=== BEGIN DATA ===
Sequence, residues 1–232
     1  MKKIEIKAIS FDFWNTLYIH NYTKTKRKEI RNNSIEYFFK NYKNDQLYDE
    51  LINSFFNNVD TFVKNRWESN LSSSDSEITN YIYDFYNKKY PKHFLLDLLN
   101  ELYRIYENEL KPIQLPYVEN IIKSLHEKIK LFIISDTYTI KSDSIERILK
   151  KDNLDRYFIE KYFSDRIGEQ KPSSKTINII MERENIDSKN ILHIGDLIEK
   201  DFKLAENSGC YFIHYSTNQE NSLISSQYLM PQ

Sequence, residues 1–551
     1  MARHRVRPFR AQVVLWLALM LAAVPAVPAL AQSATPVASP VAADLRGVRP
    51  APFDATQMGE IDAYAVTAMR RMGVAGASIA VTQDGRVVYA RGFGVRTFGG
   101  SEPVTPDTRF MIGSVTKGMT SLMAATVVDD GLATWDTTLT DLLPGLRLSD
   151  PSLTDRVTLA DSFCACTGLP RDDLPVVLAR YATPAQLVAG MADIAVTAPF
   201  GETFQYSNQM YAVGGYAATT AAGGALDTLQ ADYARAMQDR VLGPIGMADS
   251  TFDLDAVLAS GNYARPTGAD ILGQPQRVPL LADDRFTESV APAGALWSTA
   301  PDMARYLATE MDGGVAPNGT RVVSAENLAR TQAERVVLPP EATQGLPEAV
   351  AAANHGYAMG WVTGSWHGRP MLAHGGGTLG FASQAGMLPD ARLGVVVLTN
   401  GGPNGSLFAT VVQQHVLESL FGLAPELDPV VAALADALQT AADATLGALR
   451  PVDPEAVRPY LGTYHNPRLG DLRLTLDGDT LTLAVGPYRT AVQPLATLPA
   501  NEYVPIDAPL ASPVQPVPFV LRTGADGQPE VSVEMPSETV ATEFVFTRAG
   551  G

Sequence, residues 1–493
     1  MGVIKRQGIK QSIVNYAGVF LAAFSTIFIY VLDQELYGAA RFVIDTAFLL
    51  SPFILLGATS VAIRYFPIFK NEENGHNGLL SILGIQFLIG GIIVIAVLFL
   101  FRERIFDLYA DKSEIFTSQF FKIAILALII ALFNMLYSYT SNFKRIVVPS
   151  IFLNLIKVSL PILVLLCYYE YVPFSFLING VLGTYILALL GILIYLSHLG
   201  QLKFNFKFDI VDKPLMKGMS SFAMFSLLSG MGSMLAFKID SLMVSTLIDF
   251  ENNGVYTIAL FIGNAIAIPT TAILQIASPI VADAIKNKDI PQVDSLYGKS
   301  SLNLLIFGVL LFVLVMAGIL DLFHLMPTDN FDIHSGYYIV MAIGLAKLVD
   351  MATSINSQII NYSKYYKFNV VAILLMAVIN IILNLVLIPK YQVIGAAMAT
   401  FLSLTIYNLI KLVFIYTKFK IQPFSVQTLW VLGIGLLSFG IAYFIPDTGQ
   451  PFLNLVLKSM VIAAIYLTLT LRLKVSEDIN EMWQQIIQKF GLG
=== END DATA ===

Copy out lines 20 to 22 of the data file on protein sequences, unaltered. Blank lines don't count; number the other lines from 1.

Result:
Sequence, residues 1–493
     1  MGVIKRQGIK QSIVNYAGVF LAAFSTIFIY VLDQELYGAA RFVIDTAFLL
    51  SPFILLGATS VAIRYFPIFK NEENGHNGLL SILGIQFLIG GIIVIAVLFL